The Scots and the Bots. Sounds like a good combination. After Rick Bot and his wife Ruth traveled to Scotland in June as part of the Rotary International Friendship Exchange, three couples from that island country returned the favor this week.
One of the things that was among the biggest surprises in our country was the food served here. "Not the type of the food, but how large the portions are," laughed Frances Drummond. "They are three times bigger than what they serve in Scotland."
"We didn't want to hurt anyone's feelings, though, so we ate it all," joked Irene Robertson.
"One food we tried that I never had before were brats. They were really good, but in Scotland we think of brats as naughty kids."
"And your sweet corn is to die for," said Alistair Marquis. "You could really sink your teeth into it. In Scotland, our corn is canned or frozen, not on a cob."
On Monday and Tuesday, the three Scotland couples took in many sites in and around southern Minnesota such as the truShrimp Corporation in Balaton, the Laura Ingalls Wilder Museum and dugout site in Walnut Grove, the scenic overlook off Highway 23 outside of Granite Falls, the Upper Sioux Agency State Park and Fagen Fighters Museum in Granite Falls, as well as the Martin Hennen Feedlot, Gislason's Hardware and the former Big Store (now the public library) building in Minneota.
"When we were in Scotland, the people there showed us a lot of older sights," said Rick. "But a building that's 100 years old to us is like brand new to them."
"They really respect and honor history over there," Ruth. "The old castles, churches and other buildings we were able to tour are hundreds and hundreds of years old." One castle the Bots visited was built in the 1200s, a church was nearly 500 years old, and even an old pub had a sign hanging out from that displayed the date established as 1360.
The Bots, who hosted two of the Scottish couples in their home while Alan and Rita Dovre hosted the other couple, found a little humor in attempting to find similar ancient historical sites in this area of the state. "We took them to Gislason's Hardware building; it's 100 years old," said Rick.
"That's about as old as we get for building sites around here. When our buildings get old, we tear them down.” When the Bots embarked on their international trip from June 9-25, nine other members from the South Dakota Rotary Clubs in Pierre, Brookings and Rapid City also went.
The Scots arrived in South Dakota on Aug. 15 and spent a total of two weeks in South Dakota and Minnesota. Even though there was no comparison to the ancient buildings of the island country in Europe, the six Scots found the sites and culture of the two states interesting nonetheless.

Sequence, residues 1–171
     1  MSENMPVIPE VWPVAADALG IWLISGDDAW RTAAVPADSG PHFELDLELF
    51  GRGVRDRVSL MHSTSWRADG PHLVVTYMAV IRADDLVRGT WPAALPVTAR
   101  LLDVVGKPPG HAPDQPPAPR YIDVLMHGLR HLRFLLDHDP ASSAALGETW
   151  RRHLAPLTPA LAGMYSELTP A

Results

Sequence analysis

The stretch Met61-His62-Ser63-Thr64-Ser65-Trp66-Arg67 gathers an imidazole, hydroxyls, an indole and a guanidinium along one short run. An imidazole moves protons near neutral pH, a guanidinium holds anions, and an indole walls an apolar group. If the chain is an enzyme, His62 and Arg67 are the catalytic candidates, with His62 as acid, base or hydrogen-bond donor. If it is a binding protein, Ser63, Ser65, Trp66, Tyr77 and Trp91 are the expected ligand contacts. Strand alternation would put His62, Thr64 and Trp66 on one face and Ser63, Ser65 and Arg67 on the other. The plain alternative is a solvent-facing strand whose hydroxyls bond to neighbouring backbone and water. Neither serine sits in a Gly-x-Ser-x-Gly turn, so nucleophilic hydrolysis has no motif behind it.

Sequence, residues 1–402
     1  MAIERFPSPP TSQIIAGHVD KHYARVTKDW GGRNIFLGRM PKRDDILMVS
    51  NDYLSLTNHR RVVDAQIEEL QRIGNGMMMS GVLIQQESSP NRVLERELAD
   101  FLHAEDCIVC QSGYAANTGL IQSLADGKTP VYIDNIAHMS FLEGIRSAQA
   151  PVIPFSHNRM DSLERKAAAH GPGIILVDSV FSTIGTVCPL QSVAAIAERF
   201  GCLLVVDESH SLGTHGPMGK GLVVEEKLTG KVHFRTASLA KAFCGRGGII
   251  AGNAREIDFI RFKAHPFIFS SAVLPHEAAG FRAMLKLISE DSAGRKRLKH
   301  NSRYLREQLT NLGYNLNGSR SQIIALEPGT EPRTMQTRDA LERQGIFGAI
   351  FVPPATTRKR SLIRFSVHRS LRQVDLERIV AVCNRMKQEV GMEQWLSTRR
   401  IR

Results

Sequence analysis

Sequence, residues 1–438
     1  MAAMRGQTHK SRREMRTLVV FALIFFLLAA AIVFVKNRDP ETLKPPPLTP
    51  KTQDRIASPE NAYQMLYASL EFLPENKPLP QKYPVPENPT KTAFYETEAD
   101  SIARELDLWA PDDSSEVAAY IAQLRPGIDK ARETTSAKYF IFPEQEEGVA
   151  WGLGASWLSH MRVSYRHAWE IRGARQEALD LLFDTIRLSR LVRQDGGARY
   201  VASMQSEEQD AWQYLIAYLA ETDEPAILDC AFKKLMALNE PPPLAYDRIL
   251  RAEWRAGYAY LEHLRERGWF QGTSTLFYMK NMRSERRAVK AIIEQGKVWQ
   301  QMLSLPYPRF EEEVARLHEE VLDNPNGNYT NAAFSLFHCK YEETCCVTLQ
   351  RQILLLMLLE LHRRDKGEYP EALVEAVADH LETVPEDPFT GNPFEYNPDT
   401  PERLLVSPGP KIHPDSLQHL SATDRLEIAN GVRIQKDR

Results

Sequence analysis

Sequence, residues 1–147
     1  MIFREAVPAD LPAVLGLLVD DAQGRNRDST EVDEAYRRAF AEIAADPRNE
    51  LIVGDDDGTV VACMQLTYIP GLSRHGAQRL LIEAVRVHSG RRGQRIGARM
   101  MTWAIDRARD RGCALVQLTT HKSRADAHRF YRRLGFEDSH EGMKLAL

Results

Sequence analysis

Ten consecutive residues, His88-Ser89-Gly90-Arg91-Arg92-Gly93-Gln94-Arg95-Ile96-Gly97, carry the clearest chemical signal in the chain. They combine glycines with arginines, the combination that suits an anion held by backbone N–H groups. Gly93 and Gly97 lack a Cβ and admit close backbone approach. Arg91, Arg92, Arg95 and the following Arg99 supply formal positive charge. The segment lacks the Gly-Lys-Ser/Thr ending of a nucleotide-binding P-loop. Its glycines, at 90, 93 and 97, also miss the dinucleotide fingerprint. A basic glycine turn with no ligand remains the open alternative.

"I’m most impressed with your expanded openness here," said Marquis.
"It's just lovely here with all your vast plains and trees.”
“We didn't really know what to expect because the central part of the United States isn't marketed very well in other countries." In South Dakota, the Scots toured such sites as Mount Rushmore, the Crazy Horse Monument, Corn Palace, Custer State Park, Deadwood and the dam in Pierre, among many museums and other stops.
"We got to visit the old cemetery (Mt. Moriah) where we saw the graves of Wild Bill Hickok and Calamity Jane," said Marquis. "We got to get a feel for the old west." The six Scotlanders touring here were: Alistair Marquis and his wife Margaret Alistair, Jim and Irene Robertson, and Ken and Frances Drummond.
"Mount Rushmore was really stunning," said Ken Drummond. "To see the work that went into those carvings is impressive." Marquis noticed a similarity in the small town business districts of the two countries. "Your main streets are suffering from gaps just like ours,” he noted.
"It's so sad to see empty shops everywhere. That's a shame because they are the lifeblood of a community." "But the shops that are open are very lovely here," Frances Drummond mentioned. The six Scots left no doubt how well they enjoyed their time here and how much they learned.
"We learned a lot.” “We didn't know who Laura Ingalls Wilder was," said Ken Drummond.
"But we knew about the Little House on the Prairie TV show." "We've really learned a lot about the interesting history of the United States," said Margaret Alistair. "And everyone here has been so nice. We've seen a lot of smiles all around."
"I think we will find out way back here again," said Marquis. "Not a day went by where we have not come away thinking 'wow'. We really enjoyed our time here."